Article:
I mentioned above that the main characters in this story are determined not to examine their attraction to each other too closely in the beginning of this novel. These are two guys who have had girlfriends in the past, and while Liam admits most of his intimacies with girls were more one-night stands, Jason has had deep and loving relationships with girls before. So when these two realize that their need for each other stretches well beyond the horror of their shared experience, it is with extreme care that the author allows us to see how both Jason and Liam come to terms with their feelings for each other. I really admired the way in which the boys grappled with this new-found facet of their sexuality and refused to put a label on it. In the end, it wasn’t really an issue whether these boys were bi or gay or anything in between on the rainbow spectrum; what mattered was the fact that they saved each other, that they were both the hero the other wanted in their life. This was the real strength of this novel–that these men helped each other move beyond their fears, aiding the therapy that both would eventually partake of, and emerged both healthier and better able to cope with their shared trauma.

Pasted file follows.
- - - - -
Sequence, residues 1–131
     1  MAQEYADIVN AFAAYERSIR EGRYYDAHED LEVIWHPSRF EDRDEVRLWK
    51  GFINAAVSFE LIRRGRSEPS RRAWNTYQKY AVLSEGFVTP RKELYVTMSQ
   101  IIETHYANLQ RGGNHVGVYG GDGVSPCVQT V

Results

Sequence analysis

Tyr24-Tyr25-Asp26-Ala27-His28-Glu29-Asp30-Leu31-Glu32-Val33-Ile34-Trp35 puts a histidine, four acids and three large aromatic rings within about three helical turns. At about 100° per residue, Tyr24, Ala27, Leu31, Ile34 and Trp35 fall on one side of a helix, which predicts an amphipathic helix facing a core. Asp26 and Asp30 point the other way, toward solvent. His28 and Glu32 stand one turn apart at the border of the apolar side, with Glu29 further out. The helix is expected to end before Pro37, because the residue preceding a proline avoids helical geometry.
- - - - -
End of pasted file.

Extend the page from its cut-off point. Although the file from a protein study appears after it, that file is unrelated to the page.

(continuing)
The novel was so well crafted until the last quarter, where events that were used to crack open the hold Liam’s past had on him seemed a bit too contrived. While I understood the need for a dramatic moment that would pull Liam out of his guilt over losing someone dear to him, I also found the ending of the novel way too easy and rushed. From the climatic scene that threatened to rip Liam and Jason apart to the final moments where Liam suddenly realized his need for counseling, the pacing was way too fast and the neat and tidy resolution a bit too much to swallow.
We had come from a place in this story where we had watched these guys really grapple with their attraction for each other, surviving their nightmarish experiences and then enduring the slow healing that was taking place to a happy-ever-after that just did not do justice to the journey we had just watched play out before us. The Art of Hero Worship is a beautiful novel that just needed a bit more page time at the end, a slower and more thoughtful ending than the one that was offered.
Despite the rushed ending, The Art of Hero Worship is a well crafted novel that explores relationships without labeling them. In many ways, it is new ground for an m/m novel to take, and it was, for the most part, successful as well as entertaining.
You can buy The Art of Hero Worship here:
About the Author: Mia Kerick is an award-winning author of stories involving the type of life events that are riveting to read about, but you probably wouldn’t want to experience first hand. Into her fictional disasters, she sprinkles a sufficient quantity of touching and spicy adult LGBTQ romance to keep her readers coming back for more.
Having relocated from Boston, Massachusetts to rural New Hampshire, Mia lives with her doting husband, four brilliant and accomplished young adult children who will one day likely contribute to the establishment of world peace (Mia believes in self-fulfilling prophecies), and at least three too many cats. She suffers with a severe case of mall-withdrawal, which leads to frequent online shopping, and an overly personal relationship with the UPS driver.